The U.S. baseball community, and the St. Louis Cardinals in particular, received a shock this past Sunday, October 26, when news broke that a car crash occurred in the Dominican Republic, killing the beloved outfielder Oscar Taveras. Taveras was 22 years old, and was regarded as “one of the most promising pieces of the organization’s future,” and “an elite prospect” in the baseball industry.
Taveras was driving his 2014 Chevrolet Camaro in his home city of Puerta Plata, which is about 200 miles north of the Dominican Republic’s capital city of Santo Domingo. Reports of the crash state that Taveras was driving on a curved road when he lost control, causing the car to slam into a tree trunk.
The Dominican Republic native was driving with 18-year-old girlfriend Edilia Arvelo, who also died in the crash.
As of October 28, investigators have not been able to determine the exact cause of the accident, and have not been able to confirm if alcohol was involved. Reports have noted, however, that it had been raining and that the roads were fairly slick; a spokesman for the Metropolitan Transportation Authority also told the Associated Press that investigators believe that Taveras was driving at a “very high speed.”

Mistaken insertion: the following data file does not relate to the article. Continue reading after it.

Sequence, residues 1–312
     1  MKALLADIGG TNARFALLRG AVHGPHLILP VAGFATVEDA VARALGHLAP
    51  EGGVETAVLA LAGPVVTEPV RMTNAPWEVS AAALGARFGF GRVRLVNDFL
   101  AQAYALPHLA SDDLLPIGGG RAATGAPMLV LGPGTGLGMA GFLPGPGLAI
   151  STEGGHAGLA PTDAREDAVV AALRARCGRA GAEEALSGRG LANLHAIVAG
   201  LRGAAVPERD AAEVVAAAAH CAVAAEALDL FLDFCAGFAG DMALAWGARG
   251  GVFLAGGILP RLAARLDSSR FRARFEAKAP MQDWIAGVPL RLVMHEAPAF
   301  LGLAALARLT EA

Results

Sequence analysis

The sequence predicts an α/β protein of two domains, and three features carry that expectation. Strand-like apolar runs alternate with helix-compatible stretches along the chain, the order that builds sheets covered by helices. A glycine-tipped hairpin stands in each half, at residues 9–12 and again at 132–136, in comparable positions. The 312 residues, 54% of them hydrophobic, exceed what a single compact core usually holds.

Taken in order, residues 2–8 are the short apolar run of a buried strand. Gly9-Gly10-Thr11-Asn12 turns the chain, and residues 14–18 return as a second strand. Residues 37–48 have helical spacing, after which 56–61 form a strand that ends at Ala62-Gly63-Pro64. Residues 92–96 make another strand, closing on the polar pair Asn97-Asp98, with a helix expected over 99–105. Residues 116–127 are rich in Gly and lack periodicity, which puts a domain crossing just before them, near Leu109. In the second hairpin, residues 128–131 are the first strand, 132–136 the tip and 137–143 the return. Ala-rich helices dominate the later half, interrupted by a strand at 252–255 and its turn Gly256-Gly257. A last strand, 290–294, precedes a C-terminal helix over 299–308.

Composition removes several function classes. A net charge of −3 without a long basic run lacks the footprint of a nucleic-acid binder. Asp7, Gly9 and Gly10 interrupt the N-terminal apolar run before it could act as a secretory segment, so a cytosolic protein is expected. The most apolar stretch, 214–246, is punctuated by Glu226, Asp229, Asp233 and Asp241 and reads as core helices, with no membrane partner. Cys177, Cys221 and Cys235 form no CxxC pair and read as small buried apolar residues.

To make matters worse, the negative effects of social media sharing features are starting to emerge: a gritty photo of Taveras’s post-accident body has been circulating through social media websites and making the grieving process for his friends and family even harder.
Investigators are often able to identify certain details in a crash by examining the bodies — for example, it’s easy to figure out if the driver and/or passengers were wearing seat belts, and only about 3% of all fatal car crashes are too gruesome to yield a definitive answer. In Taveras’s accident, officials haven’t yet confirmed whether safety features (including seat belts) were used.
To put it another way, seeing a picture of Taveras’s body shouldn’t have been necessary in order for fans to understand the horror of the crash.
Although the St. Louis Cardinals have made no official condemnation of the photo’s circulation, it’s clear that the management and team are treading carefully on social media platforms regarding Taveras and Arvelo. It’s likely that the conversation will open up as more details about the crash emerge, but for the time being, many dedicated baseball fans are urging the community to focus on celebrating Taveras’s young career and on giving both families privacy and respect.